BEYOND REASONABLE DOUBT

Beyond Reasonable Doubt, What Does It Mean?

“Beyond reasonable doubt” is a common phrase in any criminal law television show or jury trial. But what does it mean, and what is its relevance of it? “Beyond reasonable doubt” is one of the three critical pillars of our criminal justice system in Queensland. 

 

A Difference in Standards

In civil and criminal trials, there is what is known as a “standard of proof”, which a party must meet for the Court to find in their favour. 

In a civil trial (for example, a personal injury case), the standard of proof is on the “balance of probabilities”. The test used by the Court is one of whether it is more likely than not that something happened. For example, is it more likely than not that the defendant caused the plaintiff’s injury? This test is much lower than the criminal standard, which is beyond reasonable doubt. 

The prosecution in a criminal trial must prove a defendant is guilty of a criminal offence “beyond reasonable doubt”. Beyond reasonable doubt is the highest legal standard of proof. 

 

Why Have Such A High Standard Of Proof?

There is an excellent reason the standard is high: innocent people are accused of criminal offences. The standard of proof upholds the presumption of innocence of an accused—the standard acts as a safety measure to prevent innocent people from being convicted. While the standard is not foolproof, as innocent people are convicted of criminal offences, it is our best.

 

What Does “Beyond Reasonable Doubt” Mean?

There is no legal definition of what “beyond reasonable doubt” means. The Courts leave it to the jury to use their understanding of reasonable doubt. At the end of a trial, juries are told that they must acquit and find the defendant not guilty if they have a reasonable doubt about a defendant’s guilt. They are also told that they must convict and find the defendant guilty if they have no reasonable doubt about the defendant’s guilt.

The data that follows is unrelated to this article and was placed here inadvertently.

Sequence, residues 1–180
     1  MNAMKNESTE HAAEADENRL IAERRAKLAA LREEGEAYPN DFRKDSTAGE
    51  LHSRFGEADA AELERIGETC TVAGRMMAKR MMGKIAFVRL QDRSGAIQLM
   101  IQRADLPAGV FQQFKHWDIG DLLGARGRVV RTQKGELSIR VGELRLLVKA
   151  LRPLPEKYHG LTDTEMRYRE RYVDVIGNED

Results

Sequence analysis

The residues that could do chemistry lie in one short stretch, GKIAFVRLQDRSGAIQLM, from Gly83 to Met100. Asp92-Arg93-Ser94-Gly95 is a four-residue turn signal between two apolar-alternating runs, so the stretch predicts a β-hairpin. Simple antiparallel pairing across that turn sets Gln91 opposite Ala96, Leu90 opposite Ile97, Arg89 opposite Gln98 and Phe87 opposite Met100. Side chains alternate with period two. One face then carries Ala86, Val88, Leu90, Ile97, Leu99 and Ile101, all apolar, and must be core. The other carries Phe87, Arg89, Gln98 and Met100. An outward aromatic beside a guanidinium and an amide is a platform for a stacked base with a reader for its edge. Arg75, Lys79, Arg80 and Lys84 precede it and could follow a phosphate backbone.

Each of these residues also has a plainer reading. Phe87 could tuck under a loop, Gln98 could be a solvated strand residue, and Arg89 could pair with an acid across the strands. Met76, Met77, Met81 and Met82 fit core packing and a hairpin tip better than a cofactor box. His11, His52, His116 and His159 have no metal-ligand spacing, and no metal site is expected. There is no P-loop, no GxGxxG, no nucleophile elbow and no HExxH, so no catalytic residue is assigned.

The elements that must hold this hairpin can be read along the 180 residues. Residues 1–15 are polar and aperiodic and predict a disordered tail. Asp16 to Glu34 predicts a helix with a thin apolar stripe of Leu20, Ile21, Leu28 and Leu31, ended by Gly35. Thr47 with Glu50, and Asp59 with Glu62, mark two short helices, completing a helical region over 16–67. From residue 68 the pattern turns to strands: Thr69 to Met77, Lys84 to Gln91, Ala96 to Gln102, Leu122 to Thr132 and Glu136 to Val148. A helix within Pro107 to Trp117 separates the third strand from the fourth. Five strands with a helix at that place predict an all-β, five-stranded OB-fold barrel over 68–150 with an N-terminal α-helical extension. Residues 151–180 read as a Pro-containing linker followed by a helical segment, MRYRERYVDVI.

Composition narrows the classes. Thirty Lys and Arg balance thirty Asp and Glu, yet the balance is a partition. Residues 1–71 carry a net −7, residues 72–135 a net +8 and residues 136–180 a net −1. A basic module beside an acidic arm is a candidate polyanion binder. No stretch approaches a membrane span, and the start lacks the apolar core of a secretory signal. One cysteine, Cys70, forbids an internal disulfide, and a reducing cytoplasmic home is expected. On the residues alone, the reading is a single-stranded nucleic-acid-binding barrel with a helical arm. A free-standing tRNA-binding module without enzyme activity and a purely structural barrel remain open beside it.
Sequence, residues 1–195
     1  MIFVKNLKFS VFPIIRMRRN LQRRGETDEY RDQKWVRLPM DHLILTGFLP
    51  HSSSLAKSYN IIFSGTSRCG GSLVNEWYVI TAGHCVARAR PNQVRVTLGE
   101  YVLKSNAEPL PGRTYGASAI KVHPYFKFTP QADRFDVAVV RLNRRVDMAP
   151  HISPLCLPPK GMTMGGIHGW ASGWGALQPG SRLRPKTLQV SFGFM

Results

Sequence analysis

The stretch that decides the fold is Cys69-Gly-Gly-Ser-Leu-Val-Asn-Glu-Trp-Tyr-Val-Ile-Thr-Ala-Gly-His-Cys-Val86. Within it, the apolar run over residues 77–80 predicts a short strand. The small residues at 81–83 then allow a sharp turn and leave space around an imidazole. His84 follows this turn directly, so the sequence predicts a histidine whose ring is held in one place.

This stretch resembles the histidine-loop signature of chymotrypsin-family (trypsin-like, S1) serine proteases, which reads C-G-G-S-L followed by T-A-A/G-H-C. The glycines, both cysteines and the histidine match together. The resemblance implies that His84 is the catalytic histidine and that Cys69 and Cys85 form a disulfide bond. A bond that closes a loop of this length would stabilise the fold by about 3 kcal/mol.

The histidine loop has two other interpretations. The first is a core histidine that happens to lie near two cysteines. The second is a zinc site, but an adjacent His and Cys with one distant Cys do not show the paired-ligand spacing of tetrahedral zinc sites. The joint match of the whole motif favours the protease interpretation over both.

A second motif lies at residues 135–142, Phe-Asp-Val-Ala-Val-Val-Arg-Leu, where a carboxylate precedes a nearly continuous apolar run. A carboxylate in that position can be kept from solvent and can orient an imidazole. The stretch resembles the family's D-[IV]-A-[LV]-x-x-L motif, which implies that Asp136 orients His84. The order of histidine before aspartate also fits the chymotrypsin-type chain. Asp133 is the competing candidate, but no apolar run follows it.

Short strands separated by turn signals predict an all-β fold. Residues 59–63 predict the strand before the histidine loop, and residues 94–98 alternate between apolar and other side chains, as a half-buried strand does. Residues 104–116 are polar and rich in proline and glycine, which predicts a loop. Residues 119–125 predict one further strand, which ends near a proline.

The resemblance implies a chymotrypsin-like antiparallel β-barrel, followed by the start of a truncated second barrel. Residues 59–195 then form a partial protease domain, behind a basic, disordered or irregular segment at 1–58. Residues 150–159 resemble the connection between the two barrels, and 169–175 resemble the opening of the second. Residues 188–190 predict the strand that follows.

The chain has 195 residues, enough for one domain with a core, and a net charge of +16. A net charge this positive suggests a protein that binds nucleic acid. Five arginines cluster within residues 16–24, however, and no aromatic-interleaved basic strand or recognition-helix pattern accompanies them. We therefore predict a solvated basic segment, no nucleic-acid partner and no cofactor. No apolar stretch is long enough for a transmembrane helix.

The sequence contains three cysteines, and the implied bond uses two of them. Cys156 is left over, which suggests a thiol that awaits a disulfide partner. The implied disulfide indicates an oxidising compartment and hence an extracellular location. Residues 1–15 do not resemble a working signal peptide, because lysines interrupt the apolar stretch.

While there is no legal definition of “beyond reasonable doubt”, we know what it is not. For example, the following would not be “beyond reasonable doubt”:

  • I think they did it.
  • Maybe they did it.
  • It is possible they did it.
  • I’m almost sure they did it.
  • It is very likely they did it.

 

A Presumption of Innocence

The presumption of innocence means the prosecution is burdened to prove the charge against an accused. It means an accused is innocent, and no guilt can be presumed until the prosecution has proved the charge “beyond reasonable doubt”. Until the prosecution evidence satisfies a Magistrate, Judge or Jury of an accused’s guilt beyond reasonable doubt, the presumption of innocence remains. The presumption guarantees an accused a fair trial. If there is any reasonable doubt in the mind of the Magistrate, Judge or Jury, an accused must be acquitted of the offence they are charged with.

 

A Defendant Doesn’t Need to Prove Anything

In a criminal trial, the onus of proof is on the prosecution to prove a defendant is guilty of a criminal offence “beyond reasonable doubt”. If the prosecution doesn’t prove the defendant is guilty beyond reasonable doubt, the defendant must be acquitted and found not guilty. The defendant does not need to prove anything. 

 

Who Decides Whether The Test Has Been Met?

The decision maker will depend on where the criminal trial takes place. Suppose the trial is in the Magistrates Court. In that case, a Magistrate will decide if the defendant is guilty beyond reasonable doubt. The jury will determine the issue if the trial is before a jury.  

 

What if they “Get it Wrong”?

If a jury finds a defendant guilty of a criminal offence, but the defendant thinks they got it wrong, their decision can be appealed. Such a ground of appeal is generally framed as “the jury’s verdict was unreasonable and cannot be supported having regard to the evidence”. To succeed on this ground of appeal is very difficult and requires experienced legal representation. 

Suppose you or someone you know is contemplating an appeal. In that case, getting legal advice from experienced criminal lawyers is best. You can save a lot of time and money in the process.

 

Trust In The System

If you are charged with a criminal offence, the standard of proof of “beyond reasonable doubt” should give you some hope. Just because the police or the prosecution say you did something, their opinion doesn’t count. The prosecution must prove beyond reasonable doubt that you committed the offence. This is a very high standard they must meet. 

 

Criminal Lawyers Brisbane Group- The Criminal Law Experts

If police charge you with a criminal offence in Brisbane, the best thing you can do is arm yourself with a Brisbane criminal defence lawyer.  But not any Brisbane criminal lawyer.

You need the best Brisbane criminal lawyers if you want the best result. Contact the Criminal Lawyers Brisbane Group today for confidential expert advice. 

If you have been charged with a criminal offence, contact us TODAY or fill out the form for a FREE chat

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